FAQs About X-Rays

FAQs About X-Rays
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X-ray imaging is a commonly used tool in the diagnosis of X-linked hypophosphatemia (XLH), a rare genetic disorder characterized by low phosphate levels in the blood.

This article answers some of the frequently asked questions (FAQs) about X-rays and how they can be useful in diagnosing XLH.

What are X-rays?

X-rays are electromagnetic waves, a type of radiation that can penetrate the body and are reflected back by hard tissues like bones and cartilage. The reflected X-rays are captured on a film, which helps in studying the structure of bones.

How does X-ray imaging help in XLH diagnosis?

XLH is characterized by rickets-like symptoms  such as osteomalacia, or soft and weak bones, early osteoarthritis, fractures, pain, dental abscesses, or a buildup of pus in the teeth, and stunted growth. All these symptoms can be observed in detail via X-ray imaging. The results of X-ray imaging can be corroborated by other tests to confirm an XLH diagnosis.

Are X-rays safe?

The amount of radiation received during a typical X-ray examination is smaller than what is generally received from natural sources every day. The radiation dose is matched to adhere to defined safety criteria. X-rays also are non-radioactive. Therefore, adverse effects are extremely rare.

How should I prepare for an X-ray session?

The required preparation for a typical X-ray session is minimal and, in most cases, just involves changing into a gown. Chains, watches, rings, and any other objects that can potentially show-up extraneously on the X-ray film need to be removed before the test.

There usually are no food restrictions unless the procedure involves the administration of a contrasting agent. But this is usually not necessary when XLH is suspected.

Who will interpret my X-ray report?

Although an X-ray exam is done by a qualified medical radiation technologist (MRT), that individual is only eligible to determine the quality of the output image. The MRT can not interpret the results.

An X-ray report, based on the output image, will be prepared by a radiologist, who is a doctor specially trained to interpret radiological scans. Usually, this report provides enough information for the patient’s own doctor to form an opinion.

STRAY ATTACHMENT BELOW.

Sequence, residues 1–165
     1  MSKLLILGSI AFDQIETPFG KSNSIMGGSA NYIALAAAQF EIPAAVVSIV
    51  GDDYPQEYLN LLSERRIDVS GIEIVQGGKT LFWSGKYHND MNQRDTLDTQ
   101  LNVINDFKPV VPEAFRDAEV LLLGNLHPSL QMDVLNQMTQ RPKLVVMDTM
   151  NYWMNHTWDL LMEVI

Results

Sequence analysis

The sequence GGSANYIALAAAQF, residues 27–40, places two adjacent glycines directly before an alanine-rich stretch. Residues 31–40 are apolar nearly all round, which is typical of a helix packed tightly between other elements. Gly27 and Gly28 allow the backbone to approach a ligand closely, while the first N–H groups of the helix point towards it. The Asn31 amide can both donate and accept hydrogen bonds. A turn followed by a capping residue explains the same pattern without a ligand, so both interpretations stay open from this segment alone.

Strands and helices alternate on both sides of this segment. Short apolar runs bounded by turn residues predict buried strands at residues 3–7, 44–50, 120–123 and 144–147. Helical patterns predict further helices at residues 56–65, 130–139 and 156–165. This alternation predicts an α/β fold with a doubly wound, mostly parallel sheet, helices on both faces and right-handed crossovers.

How long will the results take to arrive?

Most X-ray reports are made available within two to three business days. However, a faster turnaround may be possible in cases of urgency, or upon request by your doctor.

Can I undergo X-ray imaging during pregnancy?

Yes. Inform your doctor and the MRT beforehand so that certain precautions can be taken, such as shielding the pelvic region, to minimize the exposure of the fetus to radiation. If imaging the pelvic region is necessary, the MRT usually ensures that the radiation dose is kept as low as possible.

Can I decline an X-ray investigation?

X-ray imaging provides vital clues in understanding the progression of the disease. If, for some reason you decide not to undergo an X-ray exam, be sure to inform your doctor so that an alternative diagnostic procedure can be prescribed.

 

Last updated: Feb. 07, 2020.

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XLH News Today is strictly a news and information website about the disease. It does not provide medical advice, diagnosis, or treatment. This content is not intended to be a substitute for professional medical advice, diagnosis, or treatment. Always seek the advice of your physician or other qualified health provider with any questions you may have regarding a medical condition. Never disregard professional medical advice or delay in seeking it because of something you have read on this website. 

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Özge has a MSc. in Molecular Genetics from the University of Leicester and a PhD in Developmental Biology from Queen Mary University of London. She worked as a Post-doctoral Research Associate at the University of Leicester for six years in the field of Behavioural Neurology before moving into science communication. She worked as the Research Communication Officer at a London based charity for almost two years.

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